Professor Christopher Depcik's overarching focus in both research and teaching centers around fostering a sustainable approach to energy and transportation infrastructure. This commitment is exemplified through a comprehensive Feedstock to Tailpipe analysis, utilizing Life Cycle Analysis to evaluate conventional and alternative fuels. Noteworthy aspects of his work include the examination of combustion and exhaust emissions across various combustion regimes, incorporating diverse feedstocks such as waste oils and petroleum, as well as different fuels like biodiesel and glycerin. Integral to this research is the development of predictive models for combustion and catalytic exhaust aftertreatment devices, aimed at mitigating hazardous emissions from both spark ignition and compression ignition engines. Further efforts at improving efficiency includes pioneering systems to recover medium-grade heat from exhaust streams, employing Additive Manufactured heat exchangers. This multifaceted approach is situated within a broader interdisciplinary framework, seeking a holistic understanding of the energy and fuel flow in the context of transportation. The interdisciplinary nature of this work is driven by the goal of minimizing losses and emissions while maximizing the efficiency of the energy production pathway. At the core of these efforts lies Professor Depcik's background in thermodynamics, recently applied to simulate the maturation process of whiskey using a novel three-dimensional computer program. This groundbreaking simulation can replicate years of maturation, including esterification, in a matter of minutes on a desktop computer.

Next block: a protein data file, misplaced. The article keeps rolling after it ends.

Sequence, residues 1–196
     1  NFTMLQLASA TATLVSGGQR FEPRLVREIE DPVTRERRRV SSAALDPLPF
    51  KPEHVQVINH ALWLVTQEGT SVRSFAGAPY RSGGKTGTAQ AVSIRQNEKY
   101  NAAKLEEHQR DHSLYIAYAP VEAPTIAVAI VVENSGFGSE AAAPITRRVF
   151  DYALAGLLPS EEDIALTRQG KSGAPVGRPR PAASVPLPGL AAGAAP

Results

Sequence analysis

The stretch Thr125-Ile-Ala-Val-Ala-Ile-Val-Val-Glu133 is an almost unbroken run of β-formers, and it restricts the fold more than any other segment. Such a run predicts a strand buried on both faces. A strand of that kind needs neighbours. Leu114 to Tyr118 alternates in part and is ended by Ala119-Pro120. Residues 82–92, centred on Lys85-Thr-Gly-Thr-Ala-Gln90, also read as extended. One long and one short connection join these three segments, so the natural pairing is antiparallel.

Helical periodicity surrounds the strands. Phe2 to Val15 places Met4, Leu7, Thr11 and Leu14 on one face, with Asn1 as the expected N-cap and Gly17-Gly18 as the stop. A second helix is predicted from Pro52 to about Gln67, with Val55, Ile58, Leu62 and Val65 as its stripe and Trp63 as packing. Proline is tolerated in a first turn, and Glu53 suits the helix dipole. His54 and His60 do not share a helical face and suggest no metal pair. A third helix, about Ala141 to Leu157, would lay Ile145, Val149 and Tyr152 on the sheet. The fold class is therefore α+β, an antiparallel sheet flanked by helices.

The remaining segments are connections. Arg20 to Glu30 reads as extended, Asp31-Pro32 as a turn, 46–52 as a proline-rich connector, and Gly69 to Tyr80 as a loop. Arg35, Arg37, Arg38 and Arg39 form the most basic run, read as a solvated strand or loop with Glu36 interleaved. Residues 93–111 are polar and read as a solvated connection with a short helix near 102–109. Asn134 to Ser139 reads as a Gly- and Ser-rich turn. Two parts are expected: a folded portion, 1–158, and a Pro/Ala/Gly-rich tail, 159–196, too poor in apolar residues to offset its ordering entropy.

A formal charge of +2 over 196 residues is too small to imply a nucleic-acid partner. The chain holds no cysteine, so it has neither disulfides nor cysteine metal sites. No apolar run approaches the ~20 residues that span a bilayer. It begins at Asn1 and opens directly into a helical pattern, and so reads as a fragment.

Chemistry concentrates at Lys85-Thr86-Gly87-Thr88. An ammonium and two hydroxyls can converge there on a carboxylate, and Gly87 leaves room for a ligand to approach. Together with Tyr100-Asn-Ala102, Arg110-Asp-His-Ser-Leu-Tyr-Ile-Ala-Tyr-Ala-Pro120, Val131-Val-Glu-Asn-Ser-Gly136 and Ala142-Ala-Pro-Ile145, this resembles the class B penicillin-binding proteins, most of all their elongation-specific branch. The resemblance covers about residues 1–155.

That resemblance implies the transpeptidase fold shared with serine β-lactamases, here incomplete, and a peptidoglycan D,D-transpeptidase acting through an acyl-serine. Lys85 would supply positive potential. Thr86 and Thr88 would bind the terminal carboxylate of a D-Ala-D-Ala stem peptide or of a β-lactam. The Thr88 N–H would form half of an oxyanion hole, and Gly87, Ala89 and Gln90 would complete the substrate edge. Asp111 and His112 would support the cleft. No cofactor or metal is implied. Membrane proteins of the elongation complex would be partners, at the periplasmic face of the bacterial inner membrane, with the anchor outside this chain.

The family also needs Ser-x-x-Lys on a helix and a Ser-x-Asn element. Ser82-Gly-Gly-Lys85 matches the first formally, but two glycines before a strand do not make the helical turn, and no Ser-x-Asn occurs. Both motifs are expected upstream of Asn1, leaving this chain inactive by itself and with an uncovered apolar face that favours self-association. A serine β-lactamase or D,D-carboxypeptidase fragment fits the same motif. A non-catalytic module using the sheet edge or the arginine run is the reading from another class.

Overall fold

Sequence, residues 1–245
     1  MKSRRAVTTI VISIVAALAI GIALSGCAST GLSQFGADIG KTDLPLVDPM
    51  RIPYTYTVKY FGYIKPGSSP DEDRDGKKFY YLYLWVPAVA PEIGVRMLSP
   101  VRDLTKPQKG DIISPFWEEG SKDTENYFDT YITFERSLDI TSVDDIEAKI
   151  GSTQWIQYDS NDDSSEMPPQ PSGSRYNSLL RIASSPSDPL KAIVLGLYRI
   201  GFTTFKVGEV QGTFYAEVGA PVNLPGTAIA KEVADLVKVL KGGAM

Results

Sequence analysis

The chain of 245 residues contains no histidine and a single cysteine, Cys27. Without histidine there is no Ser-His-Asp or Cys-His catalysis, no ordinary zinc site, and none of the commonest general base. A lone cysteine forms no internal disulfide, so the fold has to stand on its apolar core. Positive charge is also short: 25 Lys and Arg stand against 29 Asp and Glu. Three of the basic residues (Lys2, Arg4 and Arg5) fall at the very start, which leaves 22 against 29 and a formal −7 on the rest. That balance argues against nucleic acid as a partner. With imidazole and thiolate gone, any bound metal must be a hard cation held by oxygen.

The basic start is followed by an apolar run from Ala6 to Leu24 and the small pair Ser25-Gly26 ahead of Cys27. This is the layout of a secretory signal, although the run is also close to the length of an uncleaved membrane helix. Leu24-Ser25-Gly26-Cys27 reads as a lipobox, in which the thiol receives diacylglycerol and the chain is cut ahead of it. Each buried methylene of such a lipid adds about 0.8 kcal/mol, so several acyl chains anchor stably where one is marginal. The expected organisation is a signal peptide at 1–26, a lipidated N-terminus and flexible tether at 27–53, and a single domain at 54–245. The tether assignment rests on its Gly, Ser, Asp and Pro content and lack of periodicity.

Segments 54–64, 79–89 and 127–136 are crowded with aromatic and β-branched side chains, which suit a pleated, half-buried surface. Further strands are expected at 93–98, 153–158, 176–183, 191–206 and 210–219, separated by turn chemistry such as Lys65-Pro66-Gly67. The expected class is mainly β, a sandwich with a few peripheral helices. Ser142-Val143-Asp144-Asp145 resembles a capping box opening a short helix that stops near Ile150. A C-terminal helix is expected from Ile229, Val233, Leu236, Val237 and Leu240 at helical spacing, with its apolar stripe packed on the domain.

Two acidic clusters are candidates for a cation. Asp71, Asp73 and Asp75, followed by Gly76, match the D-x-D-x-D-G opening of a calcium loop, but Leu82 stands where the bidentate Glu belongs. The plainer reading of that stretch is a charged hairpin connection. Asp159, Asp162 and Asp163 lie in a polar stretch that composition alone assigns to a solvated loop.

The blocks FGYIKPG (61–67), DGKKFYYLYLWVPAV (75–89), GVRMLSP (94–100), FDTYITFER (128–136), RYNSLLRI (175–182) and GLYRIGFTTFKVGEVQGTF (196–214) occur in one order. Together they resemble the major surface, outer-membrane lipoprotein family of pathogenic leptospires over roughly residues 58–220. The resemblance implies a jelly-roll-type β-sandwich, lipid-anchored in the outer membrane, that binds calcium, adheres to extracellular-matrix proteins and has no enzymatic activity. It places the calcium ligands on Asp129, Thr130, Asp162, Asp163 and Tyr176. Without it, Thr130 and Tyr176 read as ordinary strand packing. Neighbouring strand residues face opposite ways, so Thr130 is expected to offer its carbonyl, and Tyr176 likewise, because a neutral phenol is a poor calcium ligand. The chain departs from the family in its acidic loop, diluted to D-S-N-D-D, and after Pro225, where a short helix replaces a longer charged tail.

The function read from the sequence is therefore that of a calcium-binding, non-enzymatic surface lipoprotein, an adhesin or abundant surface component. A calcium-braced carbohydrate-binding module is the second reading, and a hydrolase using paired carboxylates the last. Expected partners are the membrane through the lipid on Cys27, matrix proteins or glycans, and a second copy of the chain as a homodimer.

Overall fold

Contact Information
Christopher Depcik
Professor, Department of Mechanical Engineering
Courtesy Professor, Department of Aerospace Engineering
University of Kansas, 3144C Learned Hall, 1530 W. 15th Street, Lawrence, KS 66045-4709
depcik at ku dot edu
Mechanical Engineering Faculty Page
Google Scholar Page
Scholar GPS
ResearchGate Page